Cap local school district tax rates in order to offer property tax relief and a small amount of funding for schools —a proposal from Abbott.
No extra funding for special education programs until the state has completed overhauling those programs in line with a federal mandate.
The Texas Legislature’s strong allergy to tax increases might be abating — just as long as you don’t call them tax increases.
They’re not saying so out loud — no point in riling up a price-sensitive electorate before the holidays, before the upcoming legislative session — or before lawmakers are ready to make their sales pitch.
But the talk of school finance as a top legislative priority guarantees a conversation about taxes. While there are many great policy reasons to mess with that persistent and gnarly issue, the political motivation here is simple: Texas property owners have made it clear to their representatives that they want lower property taxes.
When you do hear lawmakers talking about tax increases next year — whatever euphemisms they choose — they’ll be talking in terms of how that money will pay for property tax cuts. Cutting everyone’s current most-hated tax is the only way to explain so many conservative legislators making serious noises about increasing state revenue.
Given the way the state pays for public education — with a combination of local property taxes, and state and federal funding — the only ways to lower property taxes are to cut public education spending or to find money elsewhere to offset property tax cuts.
In the state’s 2019 fiscal year, the local share of school finance spending is estimated to be 55.5 percent of the total, while the state’s share is expected to be 35 percent, according to the Legislative Budget Board. The rest comes from the federal government.
The last time the Texas Legislature tackled school finance, the local and state shares matched. Years of rising property values – and rising local property tax revenue with them – have allowed the state to lower its share.
The price tag for a rebalancing would be enormous, though. And in spite of Democratic gains in last month’s elections, Texas still has a Republican-dominated state government, with GOP majorities in both the House and Senate, and Republicans in every statewide office. Many of them got where they are by opposing anything that sounded like higher taxes, which makes the road ahead pretty interesting.
If you do some quick arithmetic on those 2019 estimates, it would take a $5.7 billion increase in annual state spending to rebalance the state and local shares of public education spending. Doing that would put them both back where they were in 2008 — each covering about 45 percent of the load.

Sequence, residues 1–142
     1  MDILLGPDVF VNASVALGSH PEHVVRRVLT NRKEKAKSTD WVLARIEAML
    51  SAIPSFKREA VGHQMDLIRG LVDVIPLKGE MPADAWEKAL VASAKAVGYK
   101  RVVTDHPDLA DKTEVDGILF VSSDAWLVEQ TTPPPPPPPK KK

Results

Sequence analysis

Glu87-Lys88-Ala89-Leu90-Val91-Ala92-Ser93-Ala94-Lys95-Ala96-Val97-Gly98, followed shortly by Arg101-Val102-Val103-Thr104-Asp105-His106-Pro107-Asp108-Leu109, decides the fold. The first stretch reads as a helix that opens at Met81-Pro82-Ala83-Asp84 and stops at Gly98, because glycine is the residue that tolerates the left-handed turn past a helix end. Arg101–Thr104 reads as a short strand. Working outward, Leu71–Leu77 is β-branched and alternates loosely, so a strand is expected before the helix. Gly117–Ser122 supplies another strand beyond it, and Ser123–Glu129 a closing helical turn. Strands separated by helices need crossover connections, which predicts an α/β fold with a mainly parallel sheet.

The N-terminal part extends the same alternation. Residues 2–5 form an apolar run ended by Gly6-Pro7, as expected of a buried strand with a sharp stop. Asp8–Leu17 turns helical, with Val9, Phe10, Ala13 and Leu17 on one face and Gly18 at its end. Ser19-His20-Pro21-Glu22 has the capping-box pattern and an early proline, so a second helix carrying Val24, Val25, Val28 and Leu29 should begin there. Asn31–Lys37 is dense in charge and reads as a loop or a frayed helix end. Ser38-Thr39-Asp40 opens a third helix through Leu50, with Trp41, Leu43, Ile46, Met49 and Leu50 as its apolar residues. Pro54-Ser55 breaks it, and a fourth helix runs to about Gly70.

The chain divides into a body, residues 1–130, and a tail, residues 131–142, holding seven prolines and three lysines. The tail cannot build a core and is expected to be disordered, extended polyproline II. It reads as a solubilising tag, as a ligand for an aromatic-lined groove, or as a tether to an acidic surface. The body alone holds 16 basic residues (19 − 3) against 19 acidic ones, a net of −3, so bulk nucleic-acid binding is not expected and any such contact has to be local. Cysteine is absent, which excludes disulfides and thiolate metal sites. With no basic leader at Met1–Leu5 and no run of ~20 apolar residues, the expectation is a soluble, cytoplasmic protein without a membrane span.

That’s easier to do on the back of an envelope than it is to do in the Legislature. The budget ahead is tight. House and Senate leaders have to pass what’s called a “supplemental appropriations bill” to take care of shortages in the current budget, Hurricane Harvey recovery costs, and so on. Early guesstimates are that they’ll start more than $5 billion short of what they need for the next budget — and that’s before they even bring up the expensive school finance project.
The governor already is circulating a document that dares to mention taxes in the title: “Improving Student Outcomes and Maintaining Affordability through Comprehensive Education and Tax Reforms.”
That gets right to the politics of the situation: State leaders are interested in easing property tax burdens, and school finance is the biggest lever in their toolkit. It’s also way out of balance and happens to need fixing. Lawmakers often blame the imbalance on school funding formulas. But they’re the authors of those dreaded formulas, and this is also a chance to put something better in place.
But it’s the tax problem — the price of owning property — that has made their price-sensitive voters potentially receptive to increases in other taxes. New money could come from eliminating exemptions, from property appraisal reforms, from raising existing tax rates or creating new taxes — any number of things. They’ll decide the details when they meet. They’ll figure out what to call it, too: It might be remarkable to see “tax” in the title of the governor’s presentation, but its neighboring word — “reform” — is the political touch.
They want to lower property taxes to make their voters happy, and to accomplish that expensive task without stirring up a new revolt from a different set of taxpayers.
At the end, someone in Texas has to pay for this stuff.
This past Tuesday was Election Day. All across the country registered voters lined up at polling places (some with hours-long waits) to cast their ballots and make their voices heard. There were a number of impressive wins and historical elections across the country and Texas was no exception. Turnout for this midterm election was nearly double what it was in 2014.